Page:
Hannah Malyuk graduated in May of 2021 after finishing her nursing degree and is getting ready to work in the NICU (neonatal intensive care unit) as a part of the nationally renowned nursing team at the Children’s National Medical Center in Washington, D.C.
After working at her hometown’s pharmacy, Hannah saw a possible future in medicine. She decided that getting a license as a Certified Nursing Assistant (CNA) would be a great place to start, saying, “I fell in love with it and never looked back.” She said she “knew right away” that working in the NICU would be the place for her. “I fell in love with [the ICU side of medicine]. I love the high acuity patients and thinking about all aspects of their complex health needs. Add working with babies, and it’s the best of everything for me.”
While at Berea College, Hannah worked in Facilities, becoming a student manager after her first year. She’s found that many of the skills she cultivated for this job, like communication, critical thinking, and time management, transfer well to nursing and aids her when she needs to be empathic with patients or remain levelheaded in emergencies. In class, Malyuk found inspiration and support from her teachers, both in and out of the Nursing department, and continues to pull guidance from their relationships “when [she’s] making decisions that feel a bit larger than life.”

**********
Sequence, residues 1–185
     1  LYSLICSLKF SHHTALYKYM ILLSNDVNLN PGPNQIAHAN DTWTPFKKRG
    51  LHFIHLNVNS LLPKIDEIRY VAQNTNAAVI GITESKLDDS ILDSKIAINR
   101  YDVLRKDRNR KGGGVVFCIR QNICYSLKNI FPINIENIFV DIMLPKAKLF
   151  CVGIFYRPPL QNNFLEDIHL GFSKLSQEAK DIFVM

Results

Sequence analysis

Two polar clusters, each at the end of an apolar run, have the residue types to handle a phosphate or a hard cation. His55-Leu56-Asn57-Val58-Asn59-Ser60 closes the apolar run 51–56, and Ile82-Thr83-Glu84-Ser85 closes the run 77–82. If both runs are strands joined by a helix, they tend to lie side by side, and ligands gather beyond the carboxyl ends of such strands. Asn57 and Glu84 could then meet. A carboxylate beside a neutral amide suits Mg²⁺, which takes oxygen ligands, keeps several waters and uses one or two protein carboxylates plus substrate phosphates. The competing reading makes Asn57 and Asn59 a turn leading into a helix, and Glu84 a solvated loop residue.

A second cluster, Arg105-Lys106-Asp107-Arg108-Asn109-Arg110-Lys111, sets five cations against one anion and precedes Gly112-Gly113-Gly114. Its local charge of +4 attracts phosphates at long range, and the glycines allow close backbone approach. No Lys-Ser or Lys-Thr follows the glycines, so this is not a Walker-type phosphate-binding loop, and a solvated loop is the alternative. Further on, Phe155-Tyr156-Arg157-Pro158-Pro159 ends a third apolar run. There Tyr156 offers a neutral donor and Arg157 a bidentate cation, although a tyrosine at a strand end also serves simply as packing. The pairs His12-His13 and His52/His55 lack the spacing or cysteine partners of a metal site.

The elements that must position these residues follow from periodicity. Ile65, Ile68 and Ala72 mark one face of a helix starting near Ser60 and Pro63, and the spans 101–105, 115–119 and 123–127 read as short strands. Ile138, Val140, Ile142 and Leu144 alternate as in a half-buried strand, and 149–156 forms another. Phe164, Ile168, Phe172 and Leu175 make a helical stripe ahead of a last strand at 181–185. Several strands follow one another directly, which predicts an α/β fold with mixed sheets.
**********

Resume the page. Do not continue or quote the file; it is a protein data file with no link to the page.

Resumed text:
Malyuk was able to go abroad twice during her studies at Berea, the first summer taking her on a research and scuba diving trip to Honduras, while the second found Hannah in Tanzania as a part of a global health and nursing study opportunity. For Hannah, “[Tanzania] was a professionally rewarding trip,” while Honduras “was a personally fulfilling experience.” When speaking on the impact these trips had, Malyuk said, “it’s so important for me to chase the dreams I have outside of my nursing career. . . Getting outside of the bubbles we create for ourselves, I think, makes us grow so much. Not only that, but it taught me to get more comfortable with being uncomfortable and still speak up in those situations. That’s important in nursing, but in life too.”
Hannah will begin her work in the NICU at the Children’s National Medical Center in September 2021.